# Simple integration

I'm currently learning calc 2 and feel I'm making a very silly, obvious mistake with solving the integral $\int\frac{-5\sqrt[3]{x^2}}3 dx$

I guess I'm making an algebraic mistake somewhere, this is how I went about solving it:

$$\int\frac{-5x^\frac{7}3}3 dx$$

$$\int-5x^\frac{-2}3 dx$$

$$\frac{-5x^\frac{1}3}{\frac13} = -15x^\frac{1}3 + C$$

But the actual answer is $-x^\frac{5}3$ + C

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$\root 3\of {x^2}=(x^2)^{1/3}=x^{2\cdot {1\over 3}}=x^{2/3}$. – David Mitra Aug 11 '14 at 13:30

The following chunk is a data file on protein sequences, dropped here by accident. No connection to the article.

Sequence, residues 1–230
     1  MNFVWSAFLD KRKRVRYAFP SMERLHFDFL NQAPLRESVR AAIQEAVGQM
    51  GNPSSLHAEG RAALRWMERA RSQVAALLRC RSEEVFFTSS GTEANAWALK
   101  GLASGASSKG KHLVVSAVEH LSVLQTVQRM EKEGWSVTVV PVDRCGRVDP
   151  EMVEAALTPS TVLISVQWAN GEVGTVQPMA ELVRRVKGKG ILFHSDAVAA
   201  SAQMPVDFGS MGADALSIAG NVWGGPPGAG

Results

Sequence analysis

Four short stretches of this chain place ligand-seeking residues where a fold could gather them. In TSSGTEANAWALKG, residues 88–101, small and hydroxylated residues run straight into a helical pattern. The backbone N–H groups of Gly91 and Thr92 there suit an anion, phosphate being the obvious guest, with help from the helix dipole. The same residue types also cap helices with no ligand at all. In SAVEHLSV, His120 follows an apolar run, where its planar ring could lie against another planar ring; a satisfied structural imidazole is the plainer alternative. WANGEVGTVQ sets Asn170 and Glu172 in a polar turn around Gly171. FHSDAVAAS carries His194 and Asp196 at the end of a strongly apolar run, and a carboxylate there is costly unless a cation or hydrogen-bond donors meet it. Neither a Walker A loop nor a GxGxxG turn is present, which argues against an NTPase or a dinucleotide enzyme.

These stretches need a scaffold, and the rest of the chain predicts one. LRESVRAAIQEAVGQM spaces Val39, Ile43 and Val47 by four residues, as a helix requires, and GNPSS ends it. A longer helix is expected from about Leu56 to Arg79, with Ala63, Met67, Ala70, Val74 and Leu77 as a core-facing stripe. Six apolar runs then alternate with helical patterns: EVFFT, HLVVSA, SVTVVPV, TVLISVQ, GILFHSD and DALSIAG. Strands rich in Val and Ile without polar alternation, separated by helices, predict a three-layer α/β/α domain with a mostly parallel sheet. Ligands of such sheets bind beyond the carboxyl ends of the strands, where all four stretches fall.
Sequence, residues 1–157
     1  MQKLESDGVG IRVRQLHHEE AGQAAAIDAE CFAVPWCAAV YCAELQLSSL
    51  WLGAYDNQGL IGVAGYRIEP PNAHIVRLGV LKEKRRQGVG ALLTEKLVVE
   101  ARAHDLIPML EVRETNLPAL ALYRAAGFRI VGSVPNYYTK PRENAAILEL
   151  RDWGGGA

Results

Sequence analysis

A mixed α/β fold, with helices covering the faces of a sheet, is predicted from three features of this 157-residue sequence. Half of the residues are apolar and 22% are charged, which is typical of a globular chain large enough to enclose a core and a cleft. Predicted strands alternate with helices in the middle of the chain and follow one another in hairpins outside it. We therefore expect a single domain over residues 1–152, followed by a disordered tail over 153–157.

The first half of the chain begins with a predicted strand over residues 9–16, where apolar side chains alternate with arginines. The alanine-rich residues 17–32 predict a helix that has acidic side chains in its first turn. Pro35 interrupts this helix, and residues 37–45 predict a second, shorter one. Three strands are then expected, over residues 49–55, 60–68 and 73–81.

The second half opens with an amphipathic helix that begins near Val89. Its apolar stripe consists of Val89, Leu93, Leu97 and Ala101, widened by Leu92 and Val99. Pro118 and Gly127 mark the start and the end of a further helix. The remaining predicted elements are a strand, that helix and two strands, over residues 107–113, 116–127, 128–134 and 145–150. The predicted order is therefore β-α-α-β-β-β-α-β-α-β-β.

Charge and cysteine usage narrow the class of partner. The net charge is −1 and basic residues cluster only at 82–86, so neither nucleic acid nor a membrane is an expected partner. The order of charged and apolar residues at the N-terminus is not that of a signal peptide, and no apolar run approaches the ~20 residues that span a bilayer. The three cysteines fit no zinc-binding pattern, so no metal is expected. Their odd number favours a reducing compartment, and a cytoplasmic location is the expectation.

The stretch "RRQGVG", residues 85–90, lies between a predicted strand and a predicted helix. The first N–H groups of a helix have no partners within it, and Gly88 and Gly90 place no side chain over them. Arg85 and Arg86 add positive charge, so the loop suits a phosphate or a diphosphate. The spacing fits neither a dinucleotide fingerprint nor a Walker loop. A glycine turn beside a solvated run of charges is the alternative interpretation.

Also, you can move constants to the outside of the integral e.g. $\int-\frac{5}{3}x\,\mathrm{d}x=-\frac{5}{3}\int x \,\mathrm{d}x$ – Jam Aug 11 '14 at 13:40

$$\int\frac{-5\sqrt[3]{x^2}}3 dx=\frac{-5}3\int{\sqrt[3]{x^2}} dx=\frac{-5}3 \int{x^\color{red}{\frac23}}=\frac{-5}3\cdot \frac35 x^\frac53+C=-x^\frac53+C$$
You incorrectly evaluated $\sqrt[3]{x^2}$, the correct one is in $\color{red}{red}$.
$$\int \frac{-5x^{\frac{2}{3}}}{3}dx=-\frac{5}{3} \int x^{\frac{2}{3}} dx=-\frac{5}{3} \cdot \frac{3}{5} x^{\frac{5}{3}}+c=-x^{\frac{5}{3}}+c$$